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Blisteringly fast Wyo. supercomputer put to work

SHARE Blisteringly fast Wyo. supercomputer put to work

CHEYENNE, Wyo. — One of the world's fastest supercomputers is now at work producing some of the highest-resolution modeling yet of everything from weather and climate to energy resources and the ways in which wildfires burn under varying conditions.

The new National Center for Atmospheric Research supercomputer, called Yellowstone, is almost 30 times more powerful and substantially replaces its predecessor at NCAR's Mesa Lab in Boulder, Colo.

A ribbon-cutting ceremony Monday formally inaugurated the $30 million machine, which was developed by IBM and ranks among the world's top 20 fastest. Located on the high plains just west of Cheyenne, it's thought to be the world's fastest computer dedicated solely to earth sciences.

Projects already using Yellowstone will result in three-dimensional, high-resolution modeling of the Earth's crust, ocean turbulence, cumulus clouds, air pollution and solar magnetism.

Long-term, the computer will help water managers make better decisions and bridge the gap between weather forecasts and seasonal climate outlooks, said Thomas Bogdan, president of the University Corporation for Atmospheric Research, which manages NCAR on behalf of the National Science Foundation.

"Knowledge of the future helps us to make better decisions so we can profit and remain safe," Bogdan said.

The machine successfully cleared three months of installation and testing in early October and was put to use for real research soon after, NCAR officials said.

Already a couple of projects are using of large chunks of Yellowstone's full capacity, more than 80 percent of the facility's processors.

"You don't want to buy a Ferrari and only drive it 55 mph, do you?" quipped Rich Loft, a technology development director at NCAR.

So how fast is Ferrari-fast, these days?

At the turn of the millennium, the world's fastest supercomputer was good for a teraflop, or 1 trillion calculations per second. Yellowstone does 1.5 petaflops, which at 1.5 quadrillion calculations per second is 1,500 times faster than the fastest computer 12 years ago.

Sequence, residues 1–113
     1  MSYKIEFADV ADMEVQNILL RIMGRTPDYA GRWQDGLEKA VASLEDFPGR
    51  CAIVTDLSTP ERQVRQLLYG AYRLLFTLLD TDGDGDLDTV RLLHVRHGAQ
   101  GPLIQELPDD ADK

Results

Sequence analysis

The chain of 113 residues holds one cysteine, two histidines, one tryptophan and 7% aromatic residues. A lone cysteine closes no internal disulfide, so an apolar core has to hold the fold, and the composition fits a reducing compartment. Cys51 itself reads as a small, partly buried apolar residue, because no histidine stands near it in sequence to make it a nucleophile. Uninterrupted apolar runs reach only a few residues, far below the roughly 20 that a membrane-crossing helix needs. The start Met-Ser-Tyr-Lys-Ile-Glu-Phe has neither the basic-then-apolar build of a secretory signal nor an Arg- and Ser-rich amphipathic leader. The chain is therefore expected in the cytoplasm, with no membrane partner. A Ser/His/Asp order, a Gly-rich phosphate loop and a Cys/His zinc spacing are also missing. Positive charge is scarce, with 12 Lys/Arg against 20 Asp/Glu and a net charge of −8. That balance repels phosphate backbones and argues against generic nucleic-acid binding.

A person with a pocket calculator would need almost 50 million years to complete as many computations as Yellowstone can run in one second.

The NCAR-Wyoming Supercomputing Center not far off Interstate 80 could become a minor tourist attraction in the Cheyenne area. Several exhibits in the lobby of the building, which is open to the public, help to explain what the Yellowstone computer's all about.

One interactive computer exhibit called "Climate vs. Weather" shows a cartoon man walking a dog. The man walks in a straight line while the dog zigzags in front of him.

The dog — which represents weather — traces out a zigzagging line graph of short-term weather trends. The man — who represents climate — walks a straight line to show how short-term weather fluctuations average out into long-term climate trends.

Other exhibits explain parallel computing — the use of multiple processors to solve a single problem — and the relative efficiency of the energy-hungry computer, which has been using around 2 megawatts of electricity. Overhead, a maze of exposed ducts and pipes lends the sense of being inside a machine.

A room with 74 racks of processors, arranged in five rows about as long as a basketball court, is the heart of the facility.

The computer is located in a $70 million facility that took about a year to build and was funded in part with $57.6 million from the National Science Foundation.

The project is just one example of NSF's support of basic research, which 50 years ago included the foundational work for modern global positioning, said NSF Director Subra Suresh.

"Nobody knew, including NSF, that we would be using GPS in our handheld devices today," Suresh said. "If we had not funded the basic science, Apple, Google and others would not be able to do what they are doing today. This is what the National Science Foundation does."

The Wyoming Legislature pledged $20 million for the NCAR supercomputer project and state officials have expressed optimism it will lure more high-tech jobs to the state.

"I think the tech sector, because of all that Wyoming has to offer, has a great future in our state," Gov. Matt Mead said.

In April, Microsoft announced plans to invest up to $112 million on a data center not far from the NCAR supercomputer. The state has pledged $10.7 million for that project.